While the AMA (the doctors 'union') always meets any suggestion of a co-payment with predictions of adverse patient outcomes ('the poorer patients won't see their GP when they need to') such dire predictions have to be taken with a grain of salt, given the conflict of interest between seeing patients as often as needed with the need to see patients as much as possible in order to boost bulk-billing income (one doctor was recently investigated for claiming to have seen hundreds of patients an hour, thereby billing medicare for thousands of dollars. When questioned about how he could treat a patient in less than a minute, he claimed he 'eyeballed' all these patients in his waiting room!). While the vast majority of doctors are presumably highly ethical and wouldn't think of trying to 'rip off' the public health system, it would be easy to tolerate over-servicing as actually providing a medical service - after all, the little old lady on high blood pressure medication that comes in for a chat every week might indeed benefit from such close medical supervision, and, like chicken soup for the 'flu, while it might not be doing any significant good, it can't hurt (except the federal budget).

The Labor party, having been trounced in the recent election, but bouncing back in the opinion polls (now that the new Liberal government has to actually work out which services to cut or taxes to raise in order to have any chance of reducing the multi-billion dollar deficits entrenched while Labor was in government) is obviously keen to portray this a terrible new tax, a hence a 'broken promise' (although if you promise not to raise taxes, not to cut services, AND to reduce the deficit, as both parties seemed to do during the campaign, how can ANY promises be considered 'core'?). The also like to portray a co-payment as the first step in dismantling medicare, claiming that that is part of the Liberals 'hidden agenda'... although since a similar co-payment was suggested by Bob Hawke it seems that both parties occasionally realise that the current rate of rise in health expenditure is unsustainable in the long term.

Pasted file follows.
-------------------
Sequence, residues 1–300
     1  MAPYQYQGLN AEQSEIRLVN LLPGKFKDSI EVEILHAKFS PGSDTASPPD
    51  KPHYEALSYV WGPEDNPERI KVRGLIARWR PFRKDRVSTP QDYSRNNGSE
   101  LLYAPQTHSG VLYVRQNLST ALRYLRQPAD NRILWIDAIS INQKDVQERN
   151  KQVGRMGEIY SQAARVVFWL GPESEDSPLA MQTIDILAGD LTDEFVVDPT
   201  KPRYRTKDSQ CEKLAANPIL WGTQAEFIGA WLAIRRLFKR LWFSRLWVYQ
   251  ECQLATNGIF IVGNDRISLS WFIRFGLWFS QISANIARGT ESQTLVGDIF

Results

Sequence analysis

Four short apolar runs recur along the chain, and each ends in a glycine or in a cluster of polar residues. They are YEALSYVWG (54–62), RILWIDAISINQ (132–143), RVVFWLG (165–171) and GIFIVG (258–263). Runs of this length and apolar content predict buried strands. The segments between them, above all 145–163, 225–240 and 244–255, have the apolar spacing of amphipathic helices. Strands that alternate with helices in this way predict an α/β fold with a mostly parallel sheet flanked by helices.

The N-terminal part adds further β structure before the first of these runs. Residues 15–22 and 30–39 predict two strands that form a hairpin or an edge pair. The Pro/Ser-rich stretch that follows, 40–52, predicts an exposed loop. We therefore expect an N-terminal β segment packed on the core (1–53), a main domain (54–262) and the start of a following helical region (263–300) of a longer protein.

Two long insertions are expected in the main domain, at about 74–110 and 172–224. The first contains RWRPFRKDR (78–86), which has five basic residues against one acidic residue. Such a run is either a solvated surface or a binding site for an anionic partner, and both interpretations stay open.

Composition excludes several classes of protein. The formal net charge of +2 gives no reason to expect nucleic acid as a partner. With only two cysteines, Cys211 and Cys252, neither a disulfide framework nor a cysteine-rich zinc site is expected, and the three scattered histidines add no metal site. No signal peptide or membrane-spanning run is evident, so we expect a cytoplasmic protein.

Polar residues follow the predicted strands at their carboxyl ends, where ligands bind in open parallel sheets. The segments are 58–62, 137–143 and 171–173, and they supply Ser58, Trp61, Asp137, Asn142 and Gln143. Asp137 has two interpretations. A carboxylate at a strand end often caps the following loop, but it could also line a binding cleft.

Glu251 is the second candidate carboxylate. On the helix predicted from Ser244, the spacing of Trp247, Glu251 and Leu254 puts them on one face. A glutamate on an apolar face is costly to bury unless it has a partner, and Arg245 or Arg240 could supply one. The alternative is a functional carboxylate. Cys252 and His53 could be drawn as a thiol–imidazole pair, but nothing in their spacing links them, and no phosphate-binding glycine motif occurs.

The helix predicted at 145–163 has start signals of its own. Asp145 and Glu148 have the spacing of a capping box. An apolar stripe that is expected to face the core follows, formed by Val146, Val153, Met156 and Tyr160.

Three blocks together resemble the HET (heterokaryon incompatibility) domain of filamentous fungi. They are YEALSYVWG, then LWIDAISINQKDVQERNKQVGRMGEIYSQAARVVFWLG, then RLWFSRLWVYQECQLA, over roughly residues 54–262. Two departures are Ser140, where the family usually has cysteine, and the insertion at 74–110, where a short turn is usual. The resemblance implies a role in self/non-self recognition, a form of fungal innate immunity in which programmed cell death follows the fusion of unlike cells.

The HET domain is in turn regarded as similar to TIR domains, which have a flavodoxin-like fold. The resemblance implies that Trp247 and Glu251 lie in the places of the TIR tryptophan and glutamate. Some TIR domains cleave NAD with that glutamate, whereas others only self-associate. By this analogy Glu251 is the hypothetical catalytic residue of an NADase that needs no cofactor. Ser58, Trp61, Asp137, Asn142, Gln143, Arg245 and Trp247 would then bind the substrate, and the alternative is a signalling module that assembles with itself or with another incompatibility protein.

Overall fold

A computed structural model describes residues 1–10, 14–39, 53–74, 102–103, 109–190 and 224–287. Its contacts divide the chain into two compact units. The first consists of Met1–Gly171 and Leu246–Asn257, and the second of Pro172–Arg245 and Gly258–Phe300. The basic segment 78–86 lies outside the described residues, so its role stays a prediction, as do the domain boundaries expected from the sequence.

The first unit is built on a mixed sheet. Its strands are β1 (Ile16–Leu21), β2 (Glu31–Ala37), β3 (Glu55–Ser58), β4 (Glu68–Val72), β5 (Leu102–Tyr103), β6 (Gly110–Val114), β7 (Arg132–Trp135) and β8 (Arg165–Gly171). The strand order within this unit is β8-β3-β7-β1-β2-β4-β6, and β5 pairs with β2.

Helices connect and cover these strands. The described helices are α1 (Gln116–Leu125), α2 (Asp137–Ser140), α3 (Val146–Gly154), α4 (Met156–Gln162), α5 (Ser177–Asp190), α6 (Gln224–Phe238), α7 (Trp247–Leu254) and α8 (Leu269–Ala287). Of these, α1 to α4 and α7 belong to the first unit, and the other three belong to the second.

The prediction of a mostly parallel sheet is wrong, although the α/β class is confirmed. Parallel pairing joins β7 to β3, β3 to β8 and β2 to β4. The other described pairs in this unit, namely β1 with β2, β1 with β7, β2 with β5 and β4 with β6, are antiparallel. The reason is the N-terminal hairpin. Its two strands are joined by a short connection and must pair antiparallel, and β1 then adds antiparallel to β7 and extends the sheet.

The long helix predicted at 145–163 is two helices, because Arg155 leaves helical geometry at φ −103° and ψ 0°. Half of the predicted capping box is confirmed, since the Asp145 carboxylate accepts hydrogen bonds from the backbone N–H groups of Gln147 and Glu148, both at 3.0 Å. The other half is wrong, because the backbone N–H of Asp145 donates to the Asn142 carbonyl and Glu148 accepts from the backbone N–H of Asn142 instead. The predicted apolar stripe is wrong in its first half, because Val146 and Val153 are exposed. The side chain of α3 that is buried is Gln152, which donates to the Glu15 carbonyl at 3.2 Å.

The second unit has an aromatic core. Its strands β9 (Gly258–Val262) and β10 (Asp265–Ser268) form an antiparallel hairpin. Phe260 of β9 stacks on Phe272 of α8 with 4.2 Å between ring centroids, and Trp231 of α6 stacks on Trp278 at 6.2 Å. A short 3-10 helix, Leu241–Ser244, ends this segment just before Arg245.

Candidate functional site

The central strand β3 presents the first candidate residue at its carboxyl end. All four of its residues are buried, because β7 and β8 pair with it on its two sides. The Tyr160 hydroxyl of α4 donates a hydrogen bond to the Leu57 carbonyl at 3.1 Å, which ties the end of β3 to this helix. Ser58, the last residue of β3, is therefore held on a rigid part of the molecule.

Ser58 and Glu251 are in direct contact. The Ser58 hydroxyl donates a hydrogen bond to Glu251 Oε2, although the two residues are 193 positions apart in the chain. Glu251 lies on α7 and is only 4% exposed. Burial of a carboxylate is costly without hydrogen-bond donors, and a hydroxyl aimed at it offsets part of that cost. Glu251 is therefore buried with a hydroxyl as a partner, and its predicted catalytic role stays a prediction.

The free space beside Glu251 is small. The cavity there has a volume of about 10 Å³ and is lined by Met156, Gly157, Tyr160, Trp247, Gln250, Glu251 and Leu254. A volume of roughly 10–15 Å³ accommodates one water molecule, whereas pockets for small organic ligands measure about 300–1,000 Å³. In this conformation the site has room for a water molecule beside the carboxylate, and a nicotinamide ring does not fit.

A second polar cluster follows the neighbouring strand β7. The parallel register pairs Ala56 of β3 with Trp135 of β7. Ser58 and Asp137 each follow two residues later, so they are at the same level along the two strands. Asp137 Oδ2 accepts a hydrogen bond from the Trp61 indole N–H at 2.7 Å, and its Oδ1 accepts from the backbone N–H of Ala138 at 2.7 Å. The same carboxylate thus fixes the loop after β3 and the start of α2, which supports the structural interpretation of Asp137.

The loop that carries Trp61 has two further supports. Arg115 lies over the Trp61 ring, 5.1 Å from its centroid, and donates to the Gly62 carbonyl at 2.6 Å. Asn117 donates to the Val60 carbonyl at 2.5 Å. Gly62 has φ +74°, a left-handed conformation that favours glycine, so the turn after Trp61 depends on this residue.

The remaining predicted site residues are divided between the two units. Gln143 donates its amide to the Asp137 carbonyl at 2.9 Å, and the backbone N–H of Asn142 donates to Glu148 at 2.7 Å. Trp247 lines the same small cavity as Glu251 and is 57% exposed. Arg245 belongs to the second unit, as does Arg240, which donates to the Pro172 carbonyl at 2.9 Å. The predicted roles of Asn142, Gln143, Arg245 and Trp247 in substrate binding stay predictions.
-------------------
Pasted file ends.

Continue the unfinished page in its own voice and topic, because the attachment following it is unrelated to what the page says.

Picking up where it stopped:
However, a co-payment probably would discourage some poor people from seeing a GP when they need to. But then again, some pensioners already choose to spend part of their government unemployment or aged pension on booze, cigarettes, and sometimes illicit drugs, rather than on medical care, or even the educational needs of their children (hence the well-intentioned but controversial 'intervention' and 'managed payments' schemes).

Overall, it seems a small co-payment for GP visits would be a good thing, so that the finite health budget can be spent where it is off greatest actual benefit to public health, but would probably also have to be matched by a similar amount of 'out-patient fee' at the public hospitals funded mostly by the states, otherwise there would be a large movement of bulk-billing patients from GPs to public hospitals in order to avoid the fee.

It will be interesting to see how much 'outrage' over this measure actually attracts - in some ways it seems very similar to the mock outrage that was whipped up when a small 'user pays' fee was introduced for all ambulance services - prior to which there were cases reported of elderly patients calling an ambulance to take them to public hospital for free, in order to fill the medical prescriptions, simply to save travelling to the nearest pharmacy by bus or taxi to fill their prescription! Any public service that appears to be entirely 'free' to the consumer will end up suffering from considerable over-servicing, often at huge expense to taxpayers for very little benefit.

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Tuesday, 3 December 2013

Net Worth: November 2013

A rather weak month for the Australian stock market reduced the value of my leveraged share portfolios, but the value of my SMSF account still managed a slight increase due to the unhedged exposure to international share markets. The fall of the Aussie dollar boosted the value of the Vanguard HighGrowth Fund units, which form a large part of our SMSF investment portfolio. The recent rise in the Sydney real estate market boosted the estimated market value of our house, which also added to my net worth total this month.